WHAT IS WRONG WITH YOU PEOPLE!?!?!?!?!?!?!?!?!?!?!?!?!?!?!?!?!?!?!?!?!?!?!?!?!?!?!?!?!?!?!?!?!?!?!?!?!?!?!?!?!?!?!?!?!?! Look... I have nothing against Mr.Cadenhead PERSONALLY, but mgm deserves the domain name. Mr.Cadenhead can switch to ".org" or ".net" can't he? MGM is a great company! They (and HBO) make the greatest movies! Mr.Cadenhead PLEASE GIVE MGM A CHANCE!!!! You've seen their movies!!! People are saying that what they are making sucks! GIVE THEM A BREAK!!!




Why couldn't MGM use the dot net? Is it so difficult for them to go after a domain that someone isn't already using that isn't just squatted on?

Visitor, sounding like a paid industry plant doesn't help their case or dissuade others from theirs. Seriously, what does the "quality" of MGM's movies have anything to do with this case? Oh right, nothing at all.

"GIVE THEM A BREAK" Who went after who here again? Why can't a company that has raked in millions upon millions selling shitty movies just give some random guy a "break"? Oh yeah, I remember, it's because they're a bunch of bloodsucking corporate hacks who will never be satisfied with having ONLY 3 different mansions and 5 different colors of the same car. Gtfo.

To the moron that said give MGM a break. If this lawyer and MGM had a frigging clue, they'd know that the domain names of movies are (like 20th century Fox) or in MGM's case they already do as the official site. Sony does the same thing ( ).

As a Web Design Company owner for the last decade (dinosaur years in Internet time) I'd say MGM has to fire this Hole idiot. He's about to lose them a lot of money! A first year law student could pokes massive holes (pun intended) in this one!

MGM should cut their loses (that is, not registering before you did), and instead cut you a big check to place a banner on your site that links to their own hosted WarGames movie page. You get to keep the domain, they get hits from your link, and everybody wins, right?

Of course, they probably expected you to just lay down your arms at the sight of their mighty army of lawyers. Because that's how these big companies usually get their way, isn't it?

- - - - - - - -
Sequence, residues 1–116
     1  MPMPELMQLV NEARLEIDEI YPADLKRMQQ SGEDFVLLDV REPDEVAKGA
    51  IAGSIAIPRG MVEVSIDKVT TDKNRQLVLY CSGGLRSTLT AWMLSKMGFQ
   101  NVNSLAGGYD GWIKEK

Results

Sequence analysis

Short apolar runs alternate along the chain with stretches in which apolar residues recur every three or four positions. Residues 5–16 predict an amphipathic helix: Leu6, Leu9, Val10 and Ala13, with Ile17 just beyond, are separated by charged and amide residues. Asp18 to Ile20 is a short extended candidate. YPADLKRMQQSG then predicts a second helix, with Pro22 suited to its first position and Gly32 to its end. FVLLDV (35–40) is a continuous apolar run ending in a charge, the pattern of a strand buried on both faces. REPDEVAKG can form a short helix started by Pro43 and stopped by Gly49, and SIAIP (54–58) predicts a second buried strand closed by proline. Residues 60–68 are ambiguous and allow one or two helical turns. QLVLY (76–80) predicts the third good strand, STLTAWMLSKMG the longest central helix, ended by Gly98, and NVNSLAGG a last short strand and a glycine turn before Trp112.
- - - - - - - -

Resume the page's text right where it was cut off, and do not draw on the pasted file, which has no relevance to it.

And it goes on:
Dont give up man, dont give up. Too many big companies think they can push the little people round. Dont give up.

If u start struggling for cash to fight with, u should set up one of those paypal donation type accounts. If you'd have had one now, I'd have dropped $20 to you. Not much, but if all the people commented did, it might help even a little with legal bills.

Supporters, go DIGG this story!

I hope that you win this case. I came across this article looking for information regarding dealing with squatters. While sites like really piss me off (I am shocked by my own emotional response towards them) because they effectively hold domains for ransom that they have no valid use for, which I feel stifles growth and great new potential websites. But while I hate squatters, I in no way feel "big money" should be able to use the "legal" process to intimidate or bankrupt valid "small guys". Personally, I would love to see a major fine go against plaintiffs who lose a case (making them think twice about a case where a valid user owns a domain [or other court case]). Hold in there... the big difference in your case and the ones you cite is that those really seem like sites intending to leverage the plaintiffs name with no "valid" use of their own. You clearly have you OWN use.


Wilserv Corporation (, a company formed in 2002 wants my URL which I've had since 2000. I've been doing business as Wilserv Industries since abbout 1981. They complained to the World Intellectual Property Organization Arbitration and Mediation Center. Now I'm trying to understand the difference between that group and NAF.


Both groups can handle domain name disputes under the UDRP. From my read of cases, WIPO's more domain owner friendly and NAF's the opposite.

Have you considered trademarking 'wargames' yourself? There are 47 product categories of trademark, so it is possible for a single name to be legally trademarked by 47 different people...which I am curious to see just how the arbitrators would sort out.

Trademarks are meant to prevent confusion among consumers about who manufactured which product, and protect a given business' brand identity. So long as you are not competing with a business in the same product category, you may market a good or service under the same name.